Nicknames: Demons, Dees, very occasionally called the Redlegs.
Home colours: Navy with red vee yoke
First VFL season: 1897 - foundation club
Premierships: 10 - 1900, 1926, 1939, 1940, 1941, 1948, 1955, 1956, 1957, 1959, 1960, 1964
2016 Ladder: 11th - 10-12-0 40pts
Coach: Simon Goodwin
Players to watch: Max Gawn, Jesse Hogan, Jack Viney, Jack Watts
2016 was very much a season of two steps forward, one step back for the Demons. They played with the youngest team across the league more rounds than not so some inconsistency may be expected, but they would be bitterly disappointed by bad losses to Essendon in Round 2 and Carlton when finals were still in play, as well as an uncompetitive effort to finish off the year against Geelong. They have a reasonably favourable fixture for next year, but cannot rely on natural improvement alone to make finals as there is a serious pack forming for the bottom of the 8. They play two matches against St Kilda who will likely be competing for a similar position on the ladder, but the Saints have won the last 300 matches between the two clubs so there is no reason to think something different would happen this year. Add that to having to transition to a new coach and my guess is they’ll just miss out on finals.
Having gone heavily into the draft for a number of years (over half a decade now), Melbourne will now add experienced hands to their list for 2017 in Jordan Lewis from the Hawks, and the Essendon pair Michael Hibberd and Jake Melksham.
Nicknames: Kangaroos, usually just Roos; Shinboners
Home colours: White and royal blue stripes
First VFL season: 1925
Premierships: 4 - 1975, 1977, 1996, 1999
2016 Ladder: 8th - 12-10-0 48pts
Finals: Lost Elimination Final to Adelaide
Coach: Brad "Bad" Scott
Players to watch: Todd Goldstein, Ben Brown, Majak Daw
North Melbourne towards the end of 2016 were like a car teetering on the edge of a cliff. They had continually topped up their list with more and more mature age recruits since Free Agency began. Then on the eve of finals, their coach Brad Scott decided to give the car an extra push, telling five of his most senior players they would not be required next year, including AFL games record holder Brent Harvey. To everyone’s surprise, this didn’t work as a motivational tactic and they lost in Week 1 by ten goals. The car is currently in freefall and now all that remains to be seen is if it will hit anything on the way down to slow their fall.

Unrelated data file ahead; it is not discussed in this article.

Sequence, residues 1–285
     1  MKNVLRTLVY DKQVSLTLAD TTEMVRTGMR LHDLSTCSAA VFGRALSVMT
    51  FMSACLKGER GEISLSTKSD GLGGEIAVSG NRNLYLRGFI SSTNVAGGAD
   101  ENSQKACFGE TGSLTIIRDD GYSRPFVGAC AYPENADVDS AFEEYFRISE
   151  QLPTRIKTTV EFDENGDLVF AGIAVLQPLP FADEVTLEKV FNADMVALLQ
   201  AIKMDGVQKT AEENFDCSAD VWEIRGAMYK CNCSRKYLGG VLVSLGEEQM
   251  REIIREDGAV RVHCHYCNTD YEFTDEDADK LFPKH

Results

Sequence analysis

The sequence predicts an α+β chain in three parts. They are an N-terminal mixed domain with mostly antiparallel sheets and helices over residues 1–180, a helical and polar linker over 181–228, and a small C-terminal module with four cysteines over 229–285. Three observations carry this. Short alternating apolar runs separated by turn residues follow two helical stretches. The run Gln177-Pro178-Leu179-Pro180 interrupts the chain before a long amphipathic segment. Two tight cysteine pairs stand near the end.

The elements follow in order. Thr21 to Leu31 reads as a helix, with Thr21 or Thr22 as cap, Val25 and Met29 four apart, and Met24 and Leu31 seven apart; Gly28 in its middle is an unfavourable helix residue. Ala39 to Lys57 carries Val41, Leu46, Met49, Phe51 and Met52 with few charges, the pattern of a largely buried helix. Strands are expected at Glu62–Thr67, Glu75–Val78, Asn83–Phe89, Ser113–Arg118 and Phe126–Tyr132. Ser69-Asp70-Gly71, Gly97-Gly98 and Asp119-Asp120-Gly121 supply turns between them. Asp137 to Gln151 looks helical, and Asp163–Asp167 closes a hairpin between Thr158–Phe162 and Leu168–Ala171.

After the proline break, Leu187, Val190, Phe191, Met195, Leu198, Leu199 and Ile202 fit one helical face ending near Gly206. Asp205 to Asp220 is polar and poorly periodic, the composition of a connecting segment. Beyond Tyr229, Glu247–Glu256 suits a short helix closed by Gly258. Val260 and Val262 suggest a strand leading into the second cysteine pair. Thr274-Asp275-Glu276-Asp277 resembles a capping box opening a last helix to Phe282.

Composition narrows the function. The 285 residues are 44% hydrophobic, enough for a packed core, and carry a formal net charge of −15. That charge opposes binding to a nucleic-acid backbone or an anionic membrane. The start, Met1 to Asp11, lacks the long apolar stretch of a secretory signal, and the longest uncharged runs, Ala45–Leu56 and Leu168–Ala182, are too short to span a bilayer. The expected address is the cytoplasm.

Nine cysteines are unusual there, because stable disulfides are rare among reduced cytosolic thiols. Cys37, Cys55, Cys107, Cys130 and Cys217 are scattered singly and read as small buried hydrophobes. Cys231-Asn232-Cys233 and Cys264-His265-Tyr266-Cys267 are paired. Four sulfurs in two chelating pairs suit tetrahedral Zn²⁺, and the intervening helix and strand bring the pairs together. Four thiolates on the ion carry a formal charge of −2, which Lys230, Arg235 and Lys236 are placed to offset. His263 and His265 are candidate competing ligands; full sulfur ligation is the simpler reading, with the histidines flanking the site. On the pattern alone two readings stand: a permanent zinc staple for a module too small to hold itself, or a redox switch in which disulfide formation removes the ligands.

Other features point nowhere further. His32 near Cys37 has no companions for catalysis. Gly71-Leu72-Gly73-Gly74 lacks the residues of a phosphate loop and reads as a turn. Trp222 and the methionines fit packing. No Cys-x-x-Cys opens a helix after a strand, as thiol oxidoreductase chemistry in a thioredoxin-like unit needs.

Nickname: Power, which is dumb, so they usually get called Port, which annoys Port fans for some reason. It's not too late to find a better name!
Home colours: Black with teal and white vees
First AFL season: 1997
Premierships: 1 - 2004
2016 Ladder: 10th 10-12-0 40pts
Coach: Ken Hinkley
Players to watch: Chad Wingard, Robbie Gray, Ollie Wines
It’s appearing more and more likely that Port’s breakout 2014 season was an aberration as they have failed to make the finals in the two years since. Adding Patrick Ryder back into the squad will be a bonus as the ruck was their weakest position during 2016, but there are still pretty big holes in their defence, and they lack a dominant key forward. The club itself however seemingly believes in their current playing group, without much action at the trade table it will be hoping that natural improvement can carry them up the ladder. Port will play Gold Coast in the first AFL match for premiership points in China during 2017, the Power will hope they can attract a new supporter base given what happened the last time they went through a lean period on-field.
Home colours: Black with yellow sash
First VFL season: 1908
Premierships: 1 - 1920, 1921, 1932, 1934, 1943, 1967, 1969, 1973, 1974, 1980
2015 Ladder: 13th 8-14-0 32pts
Coach: Damien Hardwick
Players to watch: Alex Rance, Jack Riewoldt, Dustin Martin, Dion Prestia
Richmond fans are hard to fathom, each year they seem utterly convinced the promised land is imminent no matter the evidence to the contrary. This means the inevitable disappointment is all the more entertaining to watch from the outside. Damian Hardwick has had enough to build his own team and be judged on it, and the word I would most use to describe them are shallow. Too often when their big names failed to fire the entire team went missing. The Tigers have added two promising players in Josh Caddy and Dion Prestia, but they have lost ruck/forward Tyrone Vickery and more importantly Brett Deledio. In the past two seasons Richmond has gone 20-9 when Deledio was in the side, but 3-12 when he was missing. Maybe they can return to finals this year, and maybe even win one, but I wouldn’t bet my microwave on it.
Home colours: Red, white and black columns on front, black on rear.
First VFL season: 1897 - foundation club
Premierships: 1 - 1966
2016 Ladder: 9th 12-10-0 48pts
Coach: Alan Richardson
Players to watch: Jack Billings, Jack Lonie, Jack Newnes, Jack Sinclair, Jack Steele, Jack Steven, Jack Daniels
Having missed the finals on percentage in 2016, the Saints are positioned as the team most likely to move into the top 8. They have an exciting young list: A solid backline strengthened by former Bomber Jake Carlisle moving into the team after serving his doping suspension, a dangerous forward line assembled from the draft and hand me downs, and a serviceable midfield although one probably in need of a star to top it off. The Saints have spent some time down the bottom of the ladder in a traditional rebuild and it looks like it should start paying off this year.
Nickname: Swans, Bloods
Home colours: White with red yoke incorporating Sydney Opera House silhouette.
First VFL season: 1897 - foundation club (as South Melbourne)
Premierships: 5 - 1909, 1918, 1933, 2005, 2012
2016 Ladder: 1st 17-5-0 68pts